On the evening of that day, the first day of the week, the doors being locked where the disciples were for fear of the Jews, Jesus came and stood among them and said to them, "Peace be with you." 20When he had said this, he showed them his hands and his side. Then the disciples were glad when they saw the Lord. Jesus said to them again, "Peace be with you. As the Father has sent me, even so I am sending you." 22And when he had said this, he breathed on them and said to them, "Receive the Holy Spirit. If you forgive the sins of any, they are forgiven them; if you withhold forgiveness from any, it is withheld."
(John 19:26-29)
Eight days later, his disciples were inside again, and Thomas was with them. Although the doors were locked, Jesus came and stood among them and said, "Peace be with you." Then he said to Thomas, "Put your finger here, and see my hands; and put out your hand, and place it in my side. Do not disbelieve, but believe." Thomas answered him, "My Lord and my God!" 29Jesus said to him, "Have you believed because you have seen me? Blessed are those who have not seen and yet have believed."
In the two Luke passages above, Jesus does things which a typical human body cannot do. In the first passage he simply disappears right after breaking bread, in the second he simply appears and the disciples are frightened, even thinking he is a ghost! He allays their fears by showing them he does indeed have a body, and even eats some food. In the two John passages Jesus appears to pass through locked doors. In all three cases Jesus ' body does things which a typical human body cannot do. If we follow Calvin, we should say this is absurd to believe Jesus passed through locked doors, disappeared or otherwise behaved in a way not consistent with a typical human body. Indeed his theological descendants say it is absurd because it violates Calvin's teaching of "the invariable rule in the human body". However, seems to me that the physical quality of Jesus’ body is quite variable--especially if we are not limited by our experiences of what exactly human nature is, and what a human body can do. Apparently Jesus' human body can pass through material objects and disappear from sight. If this is part of normal human nature I am sure the Special Forces would like to hear about it as I am sure they would find it useful.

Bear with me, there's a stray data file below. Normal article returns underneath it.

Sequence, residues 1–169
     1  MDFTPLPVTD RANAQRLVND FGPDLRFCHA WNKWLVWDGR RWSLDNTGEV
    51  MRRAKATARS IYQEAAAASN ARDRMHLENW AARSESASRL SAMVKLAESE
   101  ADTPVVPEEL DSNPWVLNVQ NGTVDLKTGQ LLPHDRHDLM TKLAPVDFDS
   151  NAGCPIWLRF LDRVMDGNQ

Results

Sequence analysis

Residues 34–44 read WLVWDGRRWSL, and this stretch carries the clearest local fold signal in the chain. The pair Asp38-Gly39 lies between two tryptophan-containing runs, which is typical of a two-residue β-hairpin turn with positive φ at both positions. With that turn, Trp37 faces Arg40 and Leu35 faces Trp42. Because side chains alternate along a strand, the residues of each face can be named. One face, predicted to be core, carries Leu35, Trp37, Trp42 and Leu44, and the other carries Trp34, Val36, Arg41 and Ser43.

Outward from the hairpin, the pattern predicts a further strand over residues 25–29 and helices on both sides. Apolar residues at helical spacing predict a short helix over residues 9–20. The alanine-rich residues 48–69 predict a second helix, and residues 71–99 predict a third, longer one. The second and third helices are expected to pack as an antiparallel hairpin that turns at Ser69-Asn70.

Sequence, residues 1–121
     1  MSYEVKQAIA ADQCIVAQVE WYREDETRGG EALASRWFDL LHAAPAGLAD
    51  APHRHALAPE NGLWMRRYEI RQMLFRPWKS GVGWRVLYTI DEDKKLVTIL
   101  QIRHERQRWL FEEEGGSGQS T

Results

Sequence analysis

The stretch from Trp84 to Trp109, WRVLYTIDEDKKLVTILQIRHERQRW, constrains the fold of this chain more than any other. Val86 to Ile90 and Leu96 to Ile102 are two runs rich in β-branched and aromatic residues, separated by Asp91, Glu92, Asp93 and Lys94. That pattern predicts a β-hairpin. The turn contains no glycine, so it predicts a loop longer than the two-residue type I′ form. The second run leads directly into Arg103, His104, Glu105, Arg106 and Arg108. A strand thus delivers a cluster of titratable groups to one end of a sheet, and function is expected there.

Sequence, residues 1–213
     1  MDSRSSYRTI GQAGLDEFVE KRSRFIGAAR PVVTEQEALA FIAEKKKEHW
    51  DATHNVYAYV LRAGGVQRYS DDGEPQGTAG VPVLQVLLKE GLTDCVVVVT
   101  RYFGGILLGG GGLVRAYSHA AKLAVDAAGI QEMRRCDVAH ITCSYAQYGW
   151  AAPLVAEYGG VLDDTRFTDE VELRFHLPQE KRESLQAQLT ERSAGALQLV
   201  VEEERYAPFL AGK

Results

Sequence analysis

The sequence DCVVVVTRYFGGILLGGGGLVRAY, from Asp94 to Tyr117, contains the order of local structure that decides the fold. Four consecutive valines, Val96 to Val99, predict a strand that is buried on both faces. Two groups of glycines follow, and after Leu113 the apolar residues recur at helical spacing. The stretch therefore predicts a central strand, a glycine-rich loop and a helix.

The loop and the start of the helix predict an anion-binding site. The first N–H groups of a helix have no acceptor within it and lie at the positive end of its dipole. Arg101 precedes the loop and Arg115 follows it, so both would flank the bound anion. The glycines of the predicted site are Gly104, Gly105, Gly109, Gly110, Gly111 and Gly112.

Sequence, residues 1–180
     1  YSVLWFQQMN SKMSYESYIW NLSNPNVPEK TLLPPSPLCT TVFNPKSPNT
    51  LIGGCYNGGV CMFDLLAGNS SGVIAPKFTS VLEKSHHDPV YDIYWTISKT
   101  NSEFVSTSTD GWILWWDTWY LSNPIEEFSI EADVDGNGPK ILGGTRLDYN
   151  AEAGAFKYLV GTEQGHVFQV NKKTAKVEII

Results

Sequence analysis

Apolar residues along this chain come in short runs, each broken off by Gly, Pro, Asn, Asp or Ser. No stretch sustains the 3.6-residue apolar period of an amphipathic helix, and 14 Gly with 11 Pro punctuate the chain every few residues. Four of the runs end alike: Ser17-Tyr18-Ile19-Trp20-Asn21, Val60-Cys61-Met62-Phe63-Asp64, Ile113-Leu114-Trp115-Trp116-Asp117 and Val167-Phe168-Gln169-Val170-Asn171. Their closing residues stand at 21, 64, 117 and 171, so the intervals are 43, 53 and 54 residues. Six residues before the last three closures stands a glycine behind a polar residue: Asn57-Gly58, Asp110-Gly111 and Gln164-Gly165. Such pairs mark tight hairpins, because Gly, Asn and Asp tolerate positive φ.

Now, some may object that Jesus vanishing was nothing more than his walking or travelling away. And that he either opened the doors, created a key to open them or otherwise passed through the doors in a basically typical manner. In the first case I would just point out that using the word "vanished" or "afantos" (related to phantasma, whence our phantom!) in this context does not imply picking up one's things and moving along--it implies a disappearance. Indeed, the passage states they recognized him and he vanished.

In the second case, one must re-interpret "the doors were locked" to mean "the doors were unlocked", based solely upon the propositions of what properties a human body must have. In both cases, an extraneous interpolation of philosophical commitments into the text to make them fit those commitments. And this is the problem with Calvin's approach, and also with those who are his theological descendants. It does not seem that Calvin's teaching can explain various Scripture passages which clearly show that Jesus' body, being fully human and material, could never the less, because he is God, perform various acts which violate what a human body can strictly do.

UPDATE: Triablogue Responds. He basically recapitulates Calvin's critique. I will respond in another post.

1 comment:

Anonymous said...

Interesting post, but there are a couple incidents I thought of that you need to deal with. The first, in the 14th chapter of Matthew, is when Peter walked on water. The second, in the 8th chapter of Acts, is when Philip disappeared from the eunuch's site and was whisked away to another location. These incidents surely do not point to any unusual properties of the bodies of Peter or Philip. They were just acts of God.

John Borden